The Union asserts that the assignment of the Grievants to the Centrifuge Operator classification violated Section II, A, 11, of the Agreement, and was not a "temporary assignment" authorized by Schedule A, Subsection Q, 1, since employes have only been temporarily assigned in the past to jobs they were already able to perform or which required very little training to perform, unlike this situation. There are two problems with the Union's argument. First, Section II, A, of the Agreement, and its subsections, apply to "filling a regular full-time position with a regular appointment" and provide procedures for filling a "regular full-time position". It was not demonstrated that there was a regular full-time position open or that the Employer was filling such a position on a permanent basis, or trying to train the Grievants for that purpose. Therefore, Section II, A, including subsection 11, which requires employe interest in the training, has no application in this situation. Secondly, Schedule A, Subsection Q, 1, of the Agreement, contains no express limitation requiring that the Employer only temporarily assign an employe to a job he is already able to perform or which he can perform with little training. The Union's interpretation creates a restriction that is not expressed in the wording of the provision and which would not allow the Employer to take steps in advance to meet a possible temporary contingency, i.e., it would not permit the Employer to temporarily assign an employe to another classification for training purposes so that the employe would be able to perform the job on a temporary basis when and if the contingency arose. The Union also argues that Subsection Q, 1, did not authorize the Employer's actions since those actions were not consistent with the past practice regarding temporary assignments. Union President Salvatore Serio's testimony was that temporary assignments have been for "long-term positions", e.g., where the employe regularly holding the position is out for an extended period of time and an employe is temporarily assigned to the position for that period of time, and that being assigned for a day or a half-day at a time is "out of the ordinary". Serio also testified that "Generally, when you're temporarily assigned on a position, it's something you should be able to learn within a relatively short period of time." That testimony is not sufficient to establish the existence of a mutually-intended, binding practice restricting the Employer's right to make a temporary assignment for training purposes or to preclude such assignments on a short-term, non-continuous basis. Even if a practice is established, where, as here, the alleged practice involves basic management functions (direction of the work force, assignment of work), arbitrators have frequently recognized wide management authority in those areas, including the right to make changes in the manner it exercises that authority, as long as those changes do not violate employes' rights under the written agreement. (2)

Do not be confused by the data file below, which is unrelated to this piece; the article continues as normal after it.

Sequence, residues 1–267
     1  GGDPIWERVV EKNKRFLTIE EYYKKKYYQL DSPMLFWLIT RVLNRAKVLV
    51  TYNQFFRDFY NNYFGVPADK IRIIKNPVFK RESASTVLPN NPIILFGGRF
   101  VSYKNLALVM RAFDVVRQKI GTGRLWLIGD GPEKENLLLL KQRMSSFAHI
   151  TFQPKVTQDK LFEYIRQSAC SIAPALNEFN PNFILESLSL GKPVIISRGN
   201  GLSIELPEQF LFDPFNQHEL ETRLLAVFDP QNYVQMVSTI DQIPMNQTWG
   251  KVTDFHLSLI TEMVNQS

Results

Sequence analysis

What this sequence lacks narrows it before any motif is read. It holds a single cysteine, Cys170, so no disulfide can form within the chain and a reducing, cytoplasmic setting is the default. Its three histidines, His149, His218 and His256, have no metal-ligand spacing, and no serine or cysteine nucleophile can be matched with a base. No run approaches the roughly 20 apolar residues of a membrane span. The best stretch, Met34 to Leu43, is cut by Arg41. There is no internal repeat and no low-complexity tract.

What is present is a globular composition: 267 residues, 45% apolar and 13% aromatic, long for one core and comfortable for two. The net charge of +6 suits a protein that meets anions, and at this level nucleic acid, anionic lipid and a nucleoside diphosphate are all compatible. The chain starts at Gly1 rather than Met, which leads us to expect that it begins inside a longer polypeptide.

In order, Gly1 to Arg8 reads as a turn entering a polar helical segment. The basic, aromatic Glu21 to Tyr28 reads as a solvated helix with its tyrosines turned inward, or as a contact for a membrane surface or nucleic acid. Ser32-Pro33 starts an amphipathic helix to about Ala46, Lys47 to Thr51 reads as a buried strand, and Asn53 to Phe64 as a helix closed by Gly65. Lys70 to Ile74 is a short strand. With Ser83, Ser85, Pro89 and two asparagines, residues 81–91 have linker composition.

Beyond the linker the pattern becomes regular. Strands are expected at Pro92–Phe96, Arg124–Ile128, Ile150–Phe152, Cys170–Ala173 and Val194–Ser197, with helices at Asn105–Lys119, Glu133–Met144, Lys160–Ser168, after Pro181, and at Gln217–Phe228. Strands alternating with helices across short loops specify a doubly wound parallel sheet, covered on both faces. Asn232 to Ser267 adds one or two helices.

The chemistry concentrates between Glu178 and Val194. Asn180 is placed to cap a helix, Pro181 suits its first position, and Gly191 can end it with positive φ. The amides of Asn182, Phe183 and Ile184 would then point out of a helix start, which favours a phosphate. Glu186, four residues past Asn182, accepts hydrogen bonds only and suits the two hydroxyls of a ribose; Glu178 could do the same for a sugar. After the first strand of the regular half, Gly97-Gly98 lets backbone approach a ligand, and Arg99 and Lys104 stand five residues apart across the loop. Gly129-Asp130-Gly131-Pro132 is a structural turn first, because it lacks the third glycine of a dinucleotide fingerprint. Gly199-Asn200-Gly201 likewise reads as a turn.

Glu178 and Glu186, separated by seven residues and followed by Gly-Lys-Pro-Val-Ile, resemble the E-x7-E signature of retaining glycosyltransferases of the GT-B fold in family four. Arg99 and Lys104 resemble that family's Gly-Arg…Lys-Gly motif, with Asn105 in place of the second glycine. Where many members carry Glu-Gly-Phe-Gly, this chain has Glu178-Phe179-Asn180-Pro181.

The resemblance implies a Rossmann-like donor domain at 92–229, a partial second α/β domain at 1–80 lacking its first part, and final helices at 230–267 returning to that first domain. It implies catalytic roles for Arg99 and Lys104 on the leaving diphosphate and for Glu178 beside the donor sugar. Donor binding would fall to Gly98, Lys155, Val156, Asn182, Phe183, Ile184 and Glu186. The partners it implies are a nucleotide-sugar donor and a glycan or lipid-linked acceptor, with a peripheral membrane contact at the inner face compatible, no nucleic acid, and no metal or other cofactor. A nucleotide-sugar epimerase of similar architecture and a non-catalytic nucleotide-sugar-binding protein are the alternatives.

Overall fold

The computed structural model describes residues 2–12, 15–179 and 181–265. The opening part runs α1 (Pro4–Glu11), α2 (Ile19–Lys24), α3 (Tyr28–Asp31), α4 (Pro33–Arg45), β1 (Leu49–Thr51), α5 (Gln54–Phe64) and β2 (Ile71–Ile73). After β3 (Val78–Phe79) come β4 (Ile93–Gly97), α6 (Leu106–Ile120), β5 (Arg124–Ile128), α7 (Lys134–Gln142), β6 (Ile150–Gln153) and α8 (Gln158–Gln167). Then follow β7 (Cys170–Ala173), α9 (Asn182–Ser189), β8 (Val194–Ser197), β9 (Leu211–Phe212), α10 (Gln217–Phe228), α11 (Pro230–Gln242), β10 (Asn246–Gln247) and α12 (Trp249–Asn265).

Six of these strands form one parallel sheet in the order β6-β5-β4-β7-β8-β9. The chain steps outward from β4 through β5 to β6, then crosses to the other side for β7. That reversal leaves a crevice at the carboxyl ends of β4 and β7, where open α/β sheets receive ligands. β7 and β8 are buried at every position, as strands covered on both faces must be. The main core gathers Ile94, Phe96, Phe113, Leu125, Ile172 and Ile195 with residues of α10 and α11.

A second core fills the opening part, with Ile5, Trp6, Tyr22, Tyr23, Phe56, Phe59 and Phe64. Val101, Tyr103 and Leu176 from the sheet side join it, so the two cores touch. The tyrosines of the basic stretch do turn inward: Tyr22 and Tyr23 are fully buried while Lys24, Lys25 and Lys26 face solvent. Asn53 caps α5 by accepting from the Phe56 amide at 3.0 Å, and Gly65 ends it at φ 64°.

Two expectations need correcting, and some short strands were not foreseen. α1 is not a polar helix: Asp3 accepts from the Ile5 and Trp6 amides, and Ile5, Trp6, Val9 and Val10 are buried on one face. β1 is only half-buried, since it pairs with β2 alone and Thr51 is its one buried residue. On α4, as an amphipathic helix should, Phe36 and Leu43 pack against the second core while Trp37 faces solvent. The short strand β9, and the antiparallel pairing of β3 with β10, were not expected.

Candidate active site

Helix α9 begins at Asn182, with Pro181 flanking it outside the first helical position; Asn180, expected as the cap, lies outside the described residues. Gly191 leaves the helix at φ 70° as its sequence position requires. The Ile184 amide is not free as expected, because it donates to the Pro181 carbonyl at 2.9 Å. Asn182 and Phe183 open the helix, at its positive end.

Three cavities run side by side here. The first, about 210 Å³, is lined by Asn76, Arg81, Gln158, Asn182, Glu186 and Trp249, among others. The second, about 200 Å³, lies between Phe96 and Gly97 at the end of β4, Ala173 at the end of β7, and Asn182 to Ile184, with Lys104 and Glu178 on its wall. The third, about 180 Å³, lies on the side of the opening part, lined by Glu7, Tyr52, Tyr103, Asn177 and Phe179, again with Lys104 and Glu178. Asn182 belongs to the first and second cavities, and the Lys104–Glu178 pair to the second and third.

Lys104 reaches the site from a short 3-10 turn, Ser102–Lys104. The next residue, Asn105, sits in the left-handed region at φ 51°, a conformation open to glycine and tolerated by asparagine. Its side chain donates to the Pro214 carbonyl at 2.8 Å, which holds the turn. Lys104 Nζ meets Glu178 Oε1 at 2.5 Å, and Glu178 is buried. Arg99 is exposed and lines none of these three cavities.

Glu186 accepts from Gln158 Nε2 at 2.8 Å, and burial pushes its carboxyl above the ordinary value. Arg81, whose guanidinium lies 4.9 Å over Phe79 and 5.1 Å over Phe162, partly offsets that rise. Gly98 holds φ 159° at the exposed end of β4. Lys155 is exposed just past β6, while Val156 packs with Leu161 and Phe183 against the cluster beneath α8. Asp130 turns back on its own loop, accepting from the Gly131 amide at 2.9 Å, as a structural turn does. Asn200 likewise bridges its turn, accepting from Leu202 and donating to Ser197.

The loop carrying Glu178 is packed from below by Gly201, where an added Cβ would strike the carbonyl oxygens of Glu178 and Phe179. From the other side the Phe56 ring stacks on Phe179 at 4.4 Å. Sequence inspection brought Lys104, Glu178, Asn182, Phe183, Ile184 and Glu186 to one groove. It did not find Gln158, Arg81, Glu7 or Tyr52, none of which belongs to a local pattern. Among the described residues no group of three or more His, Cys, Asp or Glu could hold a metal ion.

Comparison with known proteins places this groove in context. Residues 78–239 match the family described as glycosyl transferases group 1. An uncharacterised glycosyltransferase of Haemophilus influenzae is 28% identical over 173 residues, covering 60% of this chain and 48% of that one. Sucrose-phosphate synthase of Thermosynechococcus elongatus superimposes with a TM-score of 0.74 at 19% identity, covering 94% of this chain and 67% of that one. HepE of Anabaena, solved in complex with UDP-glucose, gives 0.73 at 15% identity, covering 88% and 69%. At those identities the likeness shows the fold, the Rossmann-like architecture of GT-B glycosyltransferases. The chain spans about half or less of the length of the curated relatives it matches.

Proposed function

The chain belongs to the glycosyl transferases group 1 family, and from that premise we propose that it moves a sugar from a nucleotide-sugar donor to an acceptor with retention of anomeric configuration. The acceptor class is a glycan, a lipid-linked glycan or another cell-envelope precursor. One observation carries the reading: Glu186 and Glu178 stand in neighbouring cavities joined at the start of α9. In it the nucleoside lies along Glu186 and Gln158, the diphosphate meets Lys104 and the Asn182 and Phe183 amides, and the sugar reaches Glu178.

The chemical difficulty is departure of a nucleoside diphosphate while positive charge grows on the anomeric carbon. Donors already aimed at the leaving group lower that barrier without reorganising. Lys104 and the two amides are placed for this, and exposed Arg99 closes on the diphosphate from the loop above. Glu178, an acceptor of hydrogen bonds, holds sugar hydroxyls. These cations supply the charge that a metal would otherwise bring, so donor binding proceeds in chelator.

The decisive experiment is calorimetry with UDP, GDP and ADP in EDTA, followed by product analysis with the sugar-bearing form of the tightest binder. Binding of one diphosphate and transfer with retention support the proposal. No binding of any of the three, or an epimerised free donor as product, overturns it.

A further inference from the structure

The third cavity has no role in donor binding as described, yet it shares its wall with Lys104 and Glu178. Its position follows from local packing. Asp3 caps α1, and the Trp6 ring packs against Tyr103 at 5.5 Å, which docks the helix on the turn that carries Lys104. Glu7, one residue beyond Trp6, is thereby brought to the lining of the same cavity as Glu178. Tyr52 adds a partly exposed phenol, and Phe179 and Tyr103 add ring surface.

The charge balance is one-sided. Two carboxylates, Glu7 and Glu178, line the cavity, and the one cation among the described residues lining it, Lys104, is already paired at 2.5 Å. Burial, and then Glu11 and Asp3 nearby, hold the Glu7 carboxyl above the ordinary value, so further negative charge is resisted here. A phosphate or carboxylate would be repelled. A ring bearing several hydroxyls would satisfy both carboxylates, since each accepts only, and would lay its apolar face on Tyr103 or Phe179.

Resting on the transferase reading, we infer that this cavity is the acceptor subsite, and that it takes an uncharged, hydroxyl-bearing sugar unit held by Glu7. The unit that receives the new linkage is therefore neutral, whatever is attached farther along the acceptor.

It appears that much of the dissatisfaction with the Employer's actions is due to the fact that the contingency, for which the Employer was attempting to prepare, was created in part by the Employer's earlier decisions to eliminate the second shift Centrifuge Operator position and two Special Utility positions. The Grievants' and the Union's frustration over their being involuntarily assigned to the centrifuge operation to meet the staffing shortfall the Employer helped create is understandable. However, mistakes are made and the unexpected sometimes happens, and management is not precluded from exercising its right to cover temporary staffing needs pursuant to Section Q, 1 of the Agreement, because it failed to accurately predict those staffing needs or other factors that affect its operations. There has not been a showing that the Employer was acting in bad faith or was in some fashion attempting to avoid filling a regular full-time position that existed at the time. It must also be remembered that the Grievants were only assigned to actually work, as opposed to train, in the Centrifuge Operator position for the two weeks in August of 1994 and were not required to provide relief in that position on a regular or continuous basis.

To the extent the Union maintains the allegation that management performed the Grievant's work while they were temporarily assigned to the centrifuge operation, the evidence was not sufficient to support a finding in that regard.

For the foregoing reasons, it is concluded that the Employer did not violate the parties' Agreement when it temporarily assigned the Grievants to the Centrifuge Operator position for training purposes and for the two weeks in August that they were assigned to fill-in in that position.

Based on the above, the evidence, and the arguments of the parties, the undersigned makes and issues the following


The grievance is denied.

Dated at Madison, Wisconsin, this 26th day of July, 1996.

By David E. Shaw /s/

David E. Shaw, Arbitrator

1. The parties mutually waived the time limit in the Agreement for the issuance of an award.

2. See, Elkouri and Elkouri, How Arbitration Works, (Fourth Ed.), pp. 440-446, and the discussion therein.